The placenta is an amazing organ responsible for growing and sustaining your baby throughout the duration of your pregnancy. They are nutrient-dense organs held in high esteem across the world for their connection to mother and baby, the health benefits they possess and the spiritual beliefs surrounding them. Despite the placenta being respected in many cultures throughout the world, here in the West it is often treated as medical waste and sadly ends up in many hospital incinerators. There are so many options for your placenta. I am passionate about helping you discover which is the right way for YOU to honour yours and your baby’s miraculous placenta.
There are so many ways your placenta can be honoured, a few of which include;
- Delayed cord clamping
- Placentophagy (encapsulation, smoothie, broth etc)
- Tincture or Homeopathic Remedy
- Print Art
- Cord Keepsake
- Keepsake jewellery
- Lotus Birth or Modified Lotus Birth
- Salve or baby cream
Delayed cord clamping
Honouring your placenta can begin at birth by practicing delayed cord clamping. This is where the cord is allowed to stop pulsing before it is clamped and cut or burned. According to the Journal of Cellular and Molecular Medicine “Delayed clamping the umbilical cord for a slightly longer period of time allows more umbilical blood volume to transfer from mother to infant (up to 1/3) and, with that critical period extended, many good physiological “gifts” are transferred through ‘nature’s first stem cell transplant’ occurring at birth.” What a brilliant start for your baby and what a fabulous way to let your placenta finish the job it’s been responsible for doing while your baby has been in utero.
Placentophagy is the act of eating or consuming the placenta after childbirth. It is a phenomenon observed in all mammals (aside from aquatic mammals and camels). It is currently undergoing a revival in Western culture due to its many reported benefits including, but not limited to;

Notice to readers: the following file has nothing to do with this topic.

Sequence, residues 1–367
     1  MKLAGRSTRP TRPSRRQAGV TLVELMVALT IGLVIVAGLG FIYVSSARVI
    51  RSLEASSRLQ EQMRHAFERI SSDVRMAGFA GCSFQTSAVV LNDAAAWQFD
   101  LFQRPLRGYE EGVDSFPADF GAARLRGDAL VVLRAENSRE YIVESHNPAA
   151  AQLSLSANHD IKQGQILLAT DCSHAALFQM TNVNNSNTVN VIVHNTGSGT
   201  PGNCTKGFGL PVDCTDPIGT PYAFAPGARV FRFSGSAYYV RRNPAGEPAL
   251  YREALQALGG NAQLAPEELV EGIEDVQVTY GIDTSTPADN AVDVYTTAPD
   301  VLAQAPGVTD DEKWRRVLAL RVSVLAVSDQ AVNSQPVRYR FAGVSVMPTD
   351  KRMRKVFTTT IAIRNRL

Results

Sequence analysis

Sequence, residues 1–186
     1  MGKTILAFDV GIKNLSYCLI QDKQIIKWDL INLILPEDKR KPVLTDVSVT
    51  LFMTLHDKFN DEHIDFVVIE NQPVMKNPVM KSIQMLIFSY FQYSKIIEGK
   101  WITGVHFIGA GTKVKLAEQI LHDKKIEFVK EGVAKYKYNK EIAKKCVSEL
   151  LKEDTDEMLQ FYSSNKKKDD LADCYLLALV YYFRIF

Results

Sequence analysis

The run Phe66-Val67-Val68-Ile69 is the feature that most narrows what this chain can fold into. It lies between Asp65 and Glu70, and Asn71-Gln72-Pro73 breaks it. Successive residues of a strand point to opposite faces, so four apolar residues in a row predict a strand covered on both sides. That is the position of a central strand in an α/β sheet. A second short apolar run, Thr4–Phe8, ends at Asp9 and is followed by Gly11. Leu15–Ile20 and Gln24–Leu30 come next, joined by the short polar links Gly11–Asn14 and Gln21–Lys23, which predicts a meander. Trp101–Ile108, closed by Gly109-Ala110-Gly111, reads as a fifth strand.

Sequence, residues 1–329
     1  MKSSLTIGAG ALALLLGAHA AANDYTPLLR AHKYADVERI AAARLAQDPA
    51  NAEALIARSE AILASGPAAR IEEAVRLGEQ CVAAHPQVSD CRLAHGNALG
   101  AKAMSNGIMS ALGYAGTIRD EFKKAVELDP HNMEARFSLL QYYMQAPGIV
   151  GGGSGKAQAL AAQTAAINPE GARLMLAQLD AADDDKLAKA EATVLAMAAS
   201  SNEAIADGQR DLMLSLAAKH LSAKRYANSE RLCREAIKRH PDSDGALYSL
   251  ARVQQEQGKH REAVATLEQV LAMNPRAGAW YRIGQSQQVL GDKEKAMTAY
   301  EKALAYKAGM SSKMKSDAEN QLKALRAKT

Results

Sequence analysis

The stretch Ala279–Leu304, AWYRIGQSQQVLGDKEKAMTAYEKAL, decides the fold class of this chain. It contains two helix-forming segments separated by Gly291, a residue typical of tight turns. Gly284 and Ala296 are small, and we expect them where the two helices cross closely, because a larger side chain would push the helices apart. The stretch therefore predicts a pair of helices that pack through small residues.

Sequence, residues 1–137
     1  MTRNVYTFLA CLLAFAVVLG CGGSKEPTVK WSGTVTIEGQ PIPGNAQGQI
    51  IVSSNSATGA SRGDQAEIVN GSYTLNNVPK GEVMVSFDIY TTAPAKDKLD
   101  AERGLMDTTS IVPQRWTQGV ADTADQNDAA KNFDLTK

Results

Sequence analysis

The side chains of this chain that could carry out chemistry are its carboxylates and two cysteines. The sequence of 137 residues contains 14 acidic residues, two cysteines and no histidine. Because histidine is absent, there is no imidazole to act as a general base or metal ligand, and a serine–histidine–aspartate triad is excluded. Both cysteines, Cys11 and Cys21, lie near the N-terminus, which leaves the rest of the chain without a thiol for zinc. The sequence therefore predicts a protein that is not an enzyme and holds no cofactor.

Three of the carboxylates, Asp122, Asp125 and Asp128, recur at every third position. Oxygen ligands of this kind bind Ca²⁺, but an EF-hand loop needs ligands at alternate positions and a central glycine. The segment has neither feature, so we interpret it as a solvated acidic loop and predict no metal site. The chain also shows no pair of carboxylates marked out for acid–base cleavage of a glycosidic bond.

- Increased Mother-Infant Bonding
- Reduction of Postnatal Bleeding
- Supports Lactation
- Helps Prevent Postpartum Depression
- Reduced Postpartum Pain
- Replenishes Nutrients
- Increases Energy
- Quicker Postpartum Recovery
(Robin Lim, The Forgotten Chakra)
Encapsulation – Your placenta is steamed (for the traditional method only), finely sliced, dehydrated then ground into a fine powder and placed in capsules for consumption. If you are considering encapsulation please ensure you find a trained, verified and trusted provider. The broth from the steaming process can also be ingested or added to cooking. Some people choose to ingest raw pieces of their placenta in smoothies. This can be done immediately after birth, or small pieces can be cut and frozen then added to smoothies in the days following. It is important that you speak with your care provider if you are considering any form of placenta consumption.
Tincture and Homeopathic Remedy
This is the method of preserving and steeping a piece of the placenta (or dried placenta if it is chosen after encapsulation has occurred) in distilled alcohol over several weeks, after which it is strained and ingested, usually by drops directly on the tongue or into a glass of water. It is said to benefit mothers during times of stress and transition. This has an indefinite shelf life and can be saved to use during weaning if breastfeeding, or even menopause.